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When I started working with “Backdrop Addresses Cowboy” nearly two months ago, I thought I had cultivated the necessary persona. I knew that I was speaking from nature’s perspective (the backdrop), and I even knew my audience (star-spangled cowboy). From my understanding of her in the poem, nature needed to be detached, yet quietly seething. She neither fears nor despises the cowboy, neither adores nor disregards him. The relationship is complex.
I took for granted that all of this could be conveyed through tone. I would simply inflect here and pause there and voila: an incredibly dynamic relationship between two imaginary people would magically materialize. What I discovered was that despite all the personality changes I imagined myself to be making, I still sounded a heck of a lot like myself. Therein lies the problem with performance. How do I become not myself?
So two months later, (I’d been rehearsing my poem so it was fresh on my mind) I’m sitting in a movie theater watching Cosmopolis when Samantha Morton pops on the screen. I won’t spoil anything when I say that her performance as Chief of Theory in an anarchist’s world blew my mind. Her delivery is deadpan, matter-of-fact, and yet she brims with excitement. Might I add that the entire scene takes place inside of a limo?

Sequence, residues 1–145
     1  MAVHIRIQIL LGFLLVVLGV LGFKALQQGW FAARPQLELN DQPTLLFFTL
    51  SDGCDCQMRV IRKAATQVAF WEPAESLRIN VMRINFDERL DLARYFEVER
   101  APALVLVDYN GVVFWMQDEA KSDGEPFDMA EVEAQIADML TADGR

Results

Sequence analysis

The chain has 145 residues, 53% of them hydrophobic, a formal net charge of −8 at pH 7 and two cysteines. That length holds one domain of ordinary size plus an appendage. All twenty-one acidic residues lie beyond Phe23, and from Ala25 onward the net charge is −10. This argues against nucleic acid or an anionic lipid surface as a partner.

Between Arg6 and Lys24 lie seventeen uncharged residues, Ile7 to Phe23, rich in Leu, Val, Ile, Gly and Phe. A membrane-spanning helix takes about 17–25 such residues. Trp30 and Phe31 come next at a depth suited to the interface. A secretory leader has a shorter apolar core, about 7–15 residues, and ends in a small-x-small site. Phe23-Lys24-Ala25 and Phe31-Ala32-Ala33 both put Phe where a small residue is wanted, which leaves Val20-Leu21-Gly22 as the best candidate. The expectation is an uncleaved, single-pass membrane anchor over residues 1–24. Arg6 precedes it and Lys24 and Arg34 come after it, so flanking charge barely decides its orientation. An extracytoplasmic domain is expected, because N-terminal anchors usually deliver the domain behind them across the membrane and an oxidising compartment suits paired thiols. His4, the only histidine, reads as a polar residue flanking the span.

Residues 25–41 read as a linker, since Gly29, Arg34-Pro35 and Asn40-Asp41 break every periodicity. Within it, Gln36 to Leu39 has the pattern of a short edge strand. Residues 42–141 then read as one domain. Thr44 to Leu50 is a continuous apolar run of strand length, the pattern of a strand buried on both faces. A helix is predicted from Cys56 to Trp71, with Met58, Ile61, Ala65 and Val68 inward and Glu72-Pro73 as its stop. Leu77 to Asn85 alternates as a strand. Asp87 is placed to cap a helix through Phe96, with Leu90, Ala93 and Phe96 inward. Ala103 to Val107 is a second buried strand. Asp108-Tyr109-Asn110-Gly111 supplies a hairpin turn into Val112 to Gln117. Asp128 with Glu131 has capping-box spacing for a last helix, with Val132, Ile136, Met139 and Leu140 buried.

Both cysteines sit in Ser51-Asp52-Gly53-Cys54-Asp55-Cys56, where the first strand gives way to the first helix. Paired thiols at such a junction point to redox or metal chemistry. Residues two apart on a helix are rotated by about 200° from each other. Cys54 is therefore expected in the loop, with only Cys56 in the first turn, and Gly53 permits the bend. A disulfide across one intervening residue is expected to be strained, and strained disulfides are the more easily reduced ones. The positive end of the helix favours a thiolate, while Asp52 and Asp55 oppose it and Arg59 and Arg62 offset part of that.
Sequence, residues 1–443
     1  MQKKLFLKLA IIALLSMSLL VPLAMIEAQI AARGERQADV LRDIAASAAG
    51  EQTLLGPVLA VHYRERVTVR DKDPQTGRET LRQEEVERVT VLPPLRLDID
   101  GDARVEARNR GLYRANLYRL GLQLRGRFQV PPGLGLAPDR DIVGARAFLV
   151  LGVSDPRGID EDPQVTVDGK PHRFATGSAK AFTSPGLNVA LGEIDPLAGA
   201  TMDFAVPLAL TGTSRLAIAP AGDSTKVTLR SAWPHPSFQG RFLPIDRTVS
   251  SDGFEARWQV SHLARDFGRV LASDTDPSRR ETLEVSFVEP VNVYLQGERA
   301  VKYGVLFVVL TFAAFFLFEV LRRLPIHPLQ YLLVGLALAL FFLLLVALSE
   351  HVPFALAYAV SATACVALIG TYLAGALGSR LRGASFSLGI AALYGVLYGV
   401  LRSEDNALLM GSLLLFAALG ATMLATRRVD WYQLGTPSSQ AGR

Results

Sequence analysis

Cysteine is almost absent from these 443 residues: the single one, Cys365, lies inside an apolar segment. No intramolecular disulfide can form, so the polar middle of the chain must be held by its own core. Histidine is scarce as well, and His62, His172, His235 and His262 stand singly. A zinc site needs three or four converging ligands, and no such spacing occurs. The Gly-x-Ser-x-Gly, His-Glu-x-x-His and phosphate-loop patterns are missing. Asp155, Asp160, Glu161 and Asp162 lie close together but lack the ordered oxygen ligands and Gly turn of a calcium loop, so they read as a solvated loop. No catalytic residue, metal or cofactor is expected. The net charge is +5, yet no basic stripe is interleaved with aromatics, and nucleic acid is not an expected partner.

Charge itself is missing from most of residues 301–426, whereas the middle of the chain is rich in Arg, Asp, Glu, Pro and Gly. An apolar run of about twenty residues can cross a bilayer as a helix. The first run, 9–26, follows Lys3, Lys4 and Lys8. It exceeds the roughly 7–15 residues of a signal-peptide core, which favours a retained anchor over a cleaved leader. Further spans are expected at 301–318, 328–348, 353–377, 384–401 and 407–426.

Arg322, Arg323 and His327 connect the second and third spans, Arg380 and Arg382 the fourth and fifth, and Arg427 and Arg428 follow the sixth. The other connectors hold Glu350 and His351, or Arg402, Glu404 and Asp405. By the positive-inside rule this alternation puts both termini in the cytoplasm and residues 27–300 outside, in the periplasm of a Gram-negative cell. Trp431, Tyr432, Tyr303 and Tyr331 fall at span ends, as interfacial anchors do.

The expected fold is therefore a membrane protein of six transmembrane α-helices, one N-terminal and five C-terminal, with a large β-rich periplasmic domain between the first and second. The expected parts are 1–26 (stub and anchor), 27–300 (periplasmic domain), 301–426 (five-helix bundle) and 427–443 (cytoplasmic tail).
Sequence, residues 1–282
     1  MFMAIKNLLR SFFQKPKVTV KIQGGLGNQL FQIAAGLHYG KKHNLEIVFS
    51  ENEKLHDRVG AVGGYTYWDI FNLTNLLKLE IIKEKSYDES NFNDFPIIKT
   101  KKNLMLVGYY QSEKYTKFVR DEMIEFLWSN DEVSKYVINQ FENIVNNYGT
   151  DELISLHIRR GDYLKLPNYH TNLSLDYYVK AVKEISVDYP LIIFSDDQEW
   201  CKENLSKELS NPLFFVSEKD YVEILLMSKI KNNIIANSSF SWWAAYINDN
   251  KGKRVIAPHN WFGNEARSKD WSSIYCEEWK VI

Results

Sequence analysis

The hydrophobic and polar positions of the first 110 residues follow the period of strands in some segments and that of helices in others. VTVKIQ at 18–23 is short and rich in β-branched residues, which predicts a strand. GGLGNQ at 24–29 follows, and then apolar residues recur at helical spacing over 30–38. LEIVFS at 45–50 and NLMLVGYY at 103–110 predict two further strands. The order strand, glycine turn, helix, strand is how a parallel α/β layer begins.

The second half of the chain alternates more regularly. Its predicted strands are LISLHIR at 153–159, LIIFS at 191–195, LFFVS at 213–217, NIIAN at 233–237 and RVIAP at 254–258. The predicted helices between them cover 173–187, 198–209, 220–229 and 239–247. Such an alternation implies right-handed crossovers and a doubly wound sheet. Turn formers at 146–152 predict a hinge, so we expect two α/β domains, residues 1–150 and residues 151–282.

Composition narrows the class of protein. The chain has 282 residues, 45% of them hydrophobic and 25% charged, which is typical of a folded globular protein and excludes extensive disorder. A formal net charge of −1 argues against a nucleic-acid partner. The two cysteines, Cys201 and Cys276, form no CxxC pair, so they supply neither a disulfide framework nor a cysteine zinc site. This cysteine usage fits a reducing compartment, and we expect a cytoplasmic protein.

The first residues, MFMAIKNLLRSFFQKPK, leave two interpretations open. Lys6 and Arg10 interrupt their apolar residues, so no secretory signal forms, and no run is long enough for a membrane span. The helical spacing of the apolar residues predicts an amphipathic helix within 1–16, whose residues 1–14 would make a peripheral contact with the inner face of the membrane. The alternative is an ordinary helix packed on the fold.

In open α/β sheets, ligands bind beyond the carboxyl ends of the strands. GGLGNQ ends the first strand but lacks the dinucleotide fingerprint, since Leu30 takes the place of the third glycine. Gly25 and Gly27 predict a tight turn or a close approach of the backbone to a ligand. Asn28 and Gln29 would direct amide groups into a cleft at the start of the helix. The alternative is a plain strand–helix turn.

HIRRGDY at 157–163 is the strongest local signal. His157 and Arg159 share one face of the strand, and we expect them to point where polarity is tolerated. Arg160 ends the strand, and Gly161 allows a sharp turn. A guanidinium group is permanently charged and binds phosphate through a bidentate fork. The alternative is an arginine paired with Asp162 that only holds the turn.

How does she do it?
Unfortunately, clips of the film are not yet readily available on YouTube, but from what I can remember, I think it had everything to do with the eyes. I practiced that look. I had a model. If my character could have half the intensity of Samantha Morton’s, I would be solid.
Of course, Samantha Morton has been practicing becoming not herself for years, and I’m only just beginning, but the important thing I took away from this experience was to find someone to mimic. Beginning painters and writers use this same technique, imitating the masters until they’ve developed the skills they need to make the art their own.
I was lucky that Samantha Morton fell into my lap at the exact right moment. Now I’m careful to keep my eyes open when actors float across the screen. What are they doing with their hands? What’s happening in the eyebrow region? What are they conveying with their eyes? I observe, I mimic, I perform, and then I repeat the process until something satisfying evolves.
Please click on the video below to watch Laura's performance!
Laura I. Miller is a MFA candidate in fiction at the University of Arizona. She holds an MA in Creative Writing from the University of North Texas where she served as the blog coordinator for the American Literary Review. She has experience teaching college freshman and sophomore literature courses, as well as mentoring students on a one-on-one basis. Her personal essays have appeared in the Oxford American Online and her short story “Locust Street Circus” was recently chosen as a semi-finalist for the Kristen Iversen & David Anthony Durham Award.